Is there a better Thanksgiving movie than 'Fantastic Mr. Fox?'
Without mentioning the holiday, 'Fantastic Mr. Fox' looks, sounds and tastes just like Thanksgiving.
Wes Anderson's Fantastic Mr. Fox may be the best Thanksgiving movie ever made, which is ironic, considering that it takes place in England and never mentions the quintessential American feast. A couple of years ago Anderson and co-scripter Noah Baumbach freely adapted Roald Dahl's children's book, adding dysfunctional family themes that work remarkably well, given that the primary cast consists of woodland creatures voiced by American actors. Fantastic Mr. Fox never overtly mentions Thanksgiving holiday, but it's nonetheless rich with the season's iconography. The earth-toned color scheme reflects the browns, reds and golds of autumn, and few films so unabashedly celebrate the eating of poultry. Consider Bill Murray's description of the three antagonists, the English farmers Boggis, Bunce and Bean:
"Walt Boggis is a chicken farmer, probably the most successful in the world. He weighs the same as a young rhinoceros. He eats three chickens every day: breakfast, lunch, supper, and dessert. That's twelve in total per day.
"Nate Bunce is a duck and goose farmer. He's about the size of a pot-bellied dwarf, and his chin would be under the shallow end of any swimming pool on the planet. His food is homemade donuts with mashed-up goose livers injected into them.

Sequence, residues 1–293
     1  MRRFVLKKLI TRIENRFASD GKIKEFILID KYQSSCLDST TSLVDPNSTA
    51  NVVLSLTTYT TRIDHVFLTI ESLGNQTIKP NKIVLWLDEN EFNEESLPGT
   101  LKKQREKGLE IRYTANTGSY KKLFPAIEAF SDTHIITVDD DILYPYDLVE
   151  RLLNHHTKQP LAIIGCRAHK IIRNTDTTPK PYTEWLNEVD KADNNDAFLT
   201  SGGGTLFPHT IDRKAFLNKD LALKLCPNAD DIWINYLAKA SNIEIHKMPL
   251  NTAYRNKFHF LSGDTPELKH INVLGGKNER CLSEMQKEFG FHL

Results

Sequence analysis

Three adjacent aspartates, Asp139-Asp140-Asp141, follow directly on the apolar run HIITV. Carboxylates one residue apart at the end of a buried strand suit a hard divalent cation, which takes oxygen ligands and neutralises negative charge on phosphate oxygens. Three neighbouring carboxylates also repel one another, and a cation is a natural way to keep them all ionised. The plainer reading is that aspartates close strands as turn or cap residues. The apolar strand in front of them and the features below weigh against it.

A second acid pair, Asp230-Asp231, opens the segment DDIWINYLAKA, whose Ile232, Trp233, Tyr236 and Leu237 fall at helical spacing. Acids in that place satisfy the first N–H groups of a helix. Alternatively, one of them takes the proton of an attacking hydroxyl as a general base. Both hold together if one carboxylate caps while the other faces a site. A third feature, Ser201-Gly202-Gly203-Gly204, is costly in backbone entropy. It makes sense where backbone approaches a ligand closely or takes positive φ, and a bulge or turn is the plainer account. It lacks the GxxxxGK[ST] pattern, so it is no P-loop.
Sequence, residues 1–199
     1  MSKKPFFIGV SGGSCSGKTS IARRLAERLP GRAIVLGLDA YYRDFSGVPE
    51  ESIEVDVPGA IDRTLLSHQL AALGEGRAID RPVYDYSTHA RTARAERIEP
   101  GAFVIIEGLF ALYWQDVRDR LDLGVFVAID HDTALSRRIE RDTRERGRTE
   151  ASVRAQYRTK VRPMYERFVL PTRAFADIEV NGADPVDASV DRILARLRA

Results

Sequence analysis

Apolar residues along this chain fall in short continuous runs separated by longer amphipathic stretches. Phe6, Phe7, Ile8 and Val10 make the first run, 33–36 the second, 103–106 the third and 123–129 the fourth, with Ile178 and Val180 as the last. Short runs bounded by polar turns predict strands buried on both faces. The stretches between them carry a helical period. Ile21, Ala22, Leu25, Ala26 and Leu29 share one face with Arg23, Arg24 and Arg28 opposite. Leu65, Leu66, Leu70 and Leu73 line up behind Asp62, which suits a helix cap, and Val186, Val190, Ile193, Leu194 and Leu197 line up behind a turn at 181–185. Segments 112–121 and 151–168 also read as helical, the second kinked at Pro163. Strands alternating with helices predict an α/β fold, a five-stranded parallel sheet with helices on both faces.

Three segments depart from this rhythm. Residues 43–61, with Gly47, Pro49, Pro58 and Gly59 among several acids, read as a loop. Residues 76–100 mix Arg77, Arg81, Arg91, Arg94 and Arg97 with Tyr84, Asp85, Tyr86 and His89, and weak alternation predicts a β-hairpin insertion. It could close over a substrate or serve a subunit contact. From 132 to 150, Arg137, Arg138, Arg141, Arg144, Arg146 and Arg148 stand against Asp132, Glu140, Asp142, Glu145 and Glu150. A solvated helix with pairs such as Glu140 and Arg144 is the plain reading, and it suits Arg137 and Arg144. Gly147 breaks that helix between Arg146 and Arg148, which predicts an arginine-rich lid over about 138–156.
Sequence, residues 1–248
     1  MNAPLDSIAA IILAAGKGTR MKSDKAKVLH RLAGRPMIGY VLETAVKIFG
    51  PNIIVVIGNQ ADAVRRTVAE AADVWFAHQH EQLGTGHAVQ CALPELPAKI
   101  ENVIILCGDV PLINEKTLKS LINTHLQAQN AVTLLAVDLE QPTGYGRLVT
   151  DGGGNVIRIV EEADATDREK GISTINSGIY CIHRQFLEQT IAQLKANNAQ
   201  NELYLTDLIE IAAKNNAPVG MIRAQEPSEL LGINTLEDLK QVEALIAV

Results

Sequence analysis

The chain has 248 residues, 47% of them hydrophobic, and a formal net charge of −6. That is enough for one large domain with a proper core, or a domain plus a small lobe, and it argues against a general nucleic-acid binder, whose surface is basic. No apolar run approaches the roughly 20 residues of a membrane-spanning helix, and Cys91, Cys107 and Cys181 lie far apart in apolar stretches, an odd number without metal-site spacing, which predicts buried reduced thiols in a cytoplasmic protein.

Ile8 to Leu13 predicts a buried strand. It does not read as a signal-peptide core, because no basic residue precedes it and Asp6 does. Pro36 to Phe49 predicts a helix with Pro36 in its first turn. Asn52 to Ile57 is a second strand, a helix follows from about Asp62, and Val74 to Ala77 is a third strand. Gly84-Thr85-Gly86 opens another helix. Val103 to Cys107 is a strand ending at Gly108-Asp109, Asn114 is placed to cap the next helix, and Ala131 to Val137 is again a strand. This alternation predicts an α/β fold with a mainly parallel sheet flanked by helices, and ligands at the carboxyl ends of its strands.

"Frank Bean is a turkey and apple farmer. He invented his own species of each. He lives on a diet of strong alcoholic cider which he makes from his apples. He's as skinny as a pencil, as smart as a whip, and possibly the scariest man currently living."
The conflict of Fantastic Mr. Fox stems from the title character's midlife crisis and his son's adolescent resentments, and both characters learn to accept their limitations while taking advantage of their personal gifts. Mr. Fox builds to several lovely feast scenes, complete with toasts, and ultimately Mr. Fox learns to adopt an attitude of gratitude. The film lives up to the spirit of Thanksgiving, if not the specifics. So where's Mr. Fox's Macy's parade float? Anyway, eat up: